As frequent readers of my blog know, every so often I take on projects that are a little unusual. Case in point: The following instrument my daughter dubbed "The Frankenpiano".
First, Piano 1.
Piano 1 is a Gerhard Heintzman upright grand piano, made in 1910. The exterior had been lovingly refinished by the owners' parents, but the interior had major problems which would require extensive rebuilding to correct.
The Gerhard Heintzman Piano was made by a nephew of THE Heintzman. The brand name was bought by THE Heintzman, and used as a second-line. I have highlighted the THE's, because many people mistake G. Heintzman for Heintzman, but, believe me, there's a difference.
The G. Heintzman is an odd piano. It's insanely overbuilt - wider and heavier than the average piano, but using an open-faced plate (harp) as a kind of throw-back to the older European pianos. Even though the case parts are very thick and very strong, the harp is the opposite, and, like its European cousin Bechstein, is prone to breakage. If a piano plate breaks, the piano is un-fixable... normally.
Now, for piano 2 - This 1911 Heintzman Upright Grand was given to me (for the cost of moving), with the understanding that I would find it a good home. I readily agreed, because it was a fine old piano that I didn’t want to see thrown out. However, it needed to be rebuilt and refinished before a home could be found.
Theodore Heintzman, an expatriate German like Steinway, succeeded in building what was at the time, the ultimate upright piano, but still within the price range of most families. He had shared a workbench with Henry Steinway when they were both apprentices in the “old country”. Henry immigrated to New York, Theodore to Toronto, Canada. For a while, in the early years, it was a toss-up as to who would become the pre-eminent builder.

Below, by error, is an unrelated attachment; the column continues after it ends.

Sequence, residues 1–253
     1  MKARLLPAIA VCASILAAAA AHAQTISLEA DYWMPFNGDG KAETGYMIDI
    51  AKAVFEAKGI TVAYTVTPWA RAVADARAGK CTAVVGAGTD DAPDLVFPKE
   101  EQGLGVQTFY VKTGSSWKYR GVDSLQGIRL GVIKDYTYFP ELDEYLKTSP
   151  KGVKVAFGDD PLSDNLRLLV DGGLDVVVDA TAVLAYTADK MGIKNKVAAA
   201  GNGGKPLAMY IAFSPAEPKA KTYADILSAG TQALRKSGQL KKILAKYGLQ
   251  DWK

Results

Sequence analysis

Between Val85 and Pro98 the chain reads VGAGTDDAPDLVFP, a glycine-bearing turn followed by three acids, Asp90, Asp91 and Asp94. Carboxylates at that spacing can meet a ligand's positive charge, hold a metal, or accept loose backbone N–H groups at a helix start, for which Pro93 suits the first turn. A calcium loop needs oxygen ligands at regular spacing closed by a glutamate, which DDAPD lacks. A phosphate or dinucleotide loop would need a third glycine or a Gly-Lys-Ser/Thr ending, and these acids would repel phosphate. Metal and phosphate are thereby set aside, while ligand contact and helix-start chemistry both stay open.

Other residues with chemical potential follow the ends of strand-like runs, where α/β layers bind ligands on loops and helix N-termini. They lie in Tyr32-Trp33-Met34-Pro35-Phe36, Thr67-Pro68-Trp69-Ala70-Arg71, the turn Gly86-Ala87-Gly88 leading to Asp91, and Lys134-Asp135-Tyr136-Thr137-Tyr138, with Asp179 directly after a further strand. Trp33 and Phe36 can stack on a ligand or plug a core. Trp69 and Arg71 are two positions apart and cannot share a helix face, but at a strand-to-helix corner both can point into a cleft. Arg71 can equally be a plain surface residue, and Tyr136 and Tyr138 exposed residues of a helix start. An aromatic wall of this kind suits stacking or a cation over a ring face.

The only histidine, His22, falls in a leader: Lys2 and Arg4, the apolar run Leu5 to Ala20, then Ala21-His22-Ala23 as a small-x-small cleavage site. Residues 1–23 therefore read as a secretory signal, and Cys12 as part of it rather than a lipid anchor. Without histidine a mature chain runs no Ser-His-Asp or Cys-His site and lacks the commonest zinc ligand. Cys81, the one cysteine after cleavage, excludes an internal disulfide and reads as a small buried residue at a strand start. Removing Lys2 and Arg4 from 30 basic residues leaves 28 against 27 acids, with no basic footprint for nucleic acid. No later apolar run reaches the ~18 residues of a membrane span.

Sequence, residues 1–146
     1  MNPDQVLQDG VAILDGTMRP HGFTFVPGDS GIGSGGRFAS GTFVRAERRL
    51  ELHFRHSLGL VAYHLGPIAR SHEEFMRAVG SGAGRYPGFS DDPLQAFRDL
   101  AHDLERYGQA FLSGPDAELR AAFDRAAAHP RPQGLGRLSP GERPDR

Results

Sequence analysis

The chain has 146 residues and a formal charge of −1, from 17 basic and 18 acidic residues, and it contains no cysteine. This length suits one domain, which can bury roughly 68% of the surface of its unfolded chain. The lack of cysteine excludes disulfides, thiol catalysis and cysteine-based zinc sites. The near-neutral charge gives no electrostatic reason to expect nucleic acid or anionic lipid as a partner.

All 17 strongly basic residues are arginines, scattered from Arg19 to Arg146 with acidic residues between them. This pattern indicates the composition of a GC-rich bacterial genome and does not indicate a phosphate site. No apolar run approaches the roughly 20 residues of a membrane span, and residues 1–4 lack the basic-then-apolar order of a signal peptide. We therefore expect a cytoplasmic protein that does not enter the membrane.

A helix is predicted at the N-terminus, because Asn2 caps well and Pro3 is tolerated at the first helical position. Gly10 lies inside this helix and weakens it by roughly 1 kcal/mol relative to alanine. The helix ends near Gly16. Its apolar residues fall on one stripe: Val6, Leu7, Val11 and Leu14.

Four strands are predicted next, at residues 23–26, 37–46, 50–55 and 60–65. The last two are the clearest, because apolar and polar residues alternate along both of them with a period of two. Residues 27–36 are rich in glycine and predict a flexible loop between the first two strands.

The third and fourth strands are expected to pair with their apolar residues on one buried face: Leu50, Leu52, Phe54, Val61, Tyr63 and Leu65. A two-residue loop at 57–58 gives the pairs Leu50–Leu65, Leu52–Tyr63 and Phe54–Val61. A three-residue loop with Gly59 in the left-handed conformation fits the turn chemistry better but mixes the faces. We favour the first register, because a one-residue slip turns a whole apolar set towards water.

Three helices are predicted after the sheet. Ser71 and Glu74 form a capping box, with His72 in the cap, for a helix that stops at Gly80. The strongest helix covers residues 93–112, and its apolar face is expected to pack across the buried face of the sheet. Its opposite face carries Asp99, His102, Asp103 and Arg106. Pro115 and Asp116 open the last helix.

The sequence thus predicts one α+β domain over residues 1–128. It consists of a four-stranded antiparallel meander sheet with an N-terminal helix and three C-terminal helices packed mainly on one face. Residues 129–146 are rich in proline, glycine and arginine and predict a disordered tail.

The former owner of Piano 2 had tried to start the refinishing process by attempting to strip the old finish by himself. Many Ivory keys were missing or chipped. The Action and Keyboard both needed rebuilding and were quite dirty.
I removed an discarded the case and rebuilt the back and the belly of the piano.
I cleaned the keyboard and key frame using a glass bead blasting cabinet
The old key tops were removed, and new plastic tops applied, and shaped by hand. The sharps were cleaned and polished, and the key frame,was re-felted.
The action was fully re-conditioned, with new German hammers and dampers, new springs, and completely cleaned and lubricated.
And now for the "Franken" part:
I removed the soundboard of the Piano 1, and cut off the back completely -leaving only the outer back posts.
The posts were cut down in thickness to act as spacers so that the wider Piano 1 case could be glued onto the narrower rebuilt Piano 2 back.
All done. A 1911 Heintzman, inside of the case from a Gerhard Heintzman. Many years from now, when I'm no longer taking care of this piano, some technician is going to open it up and get a big surprise!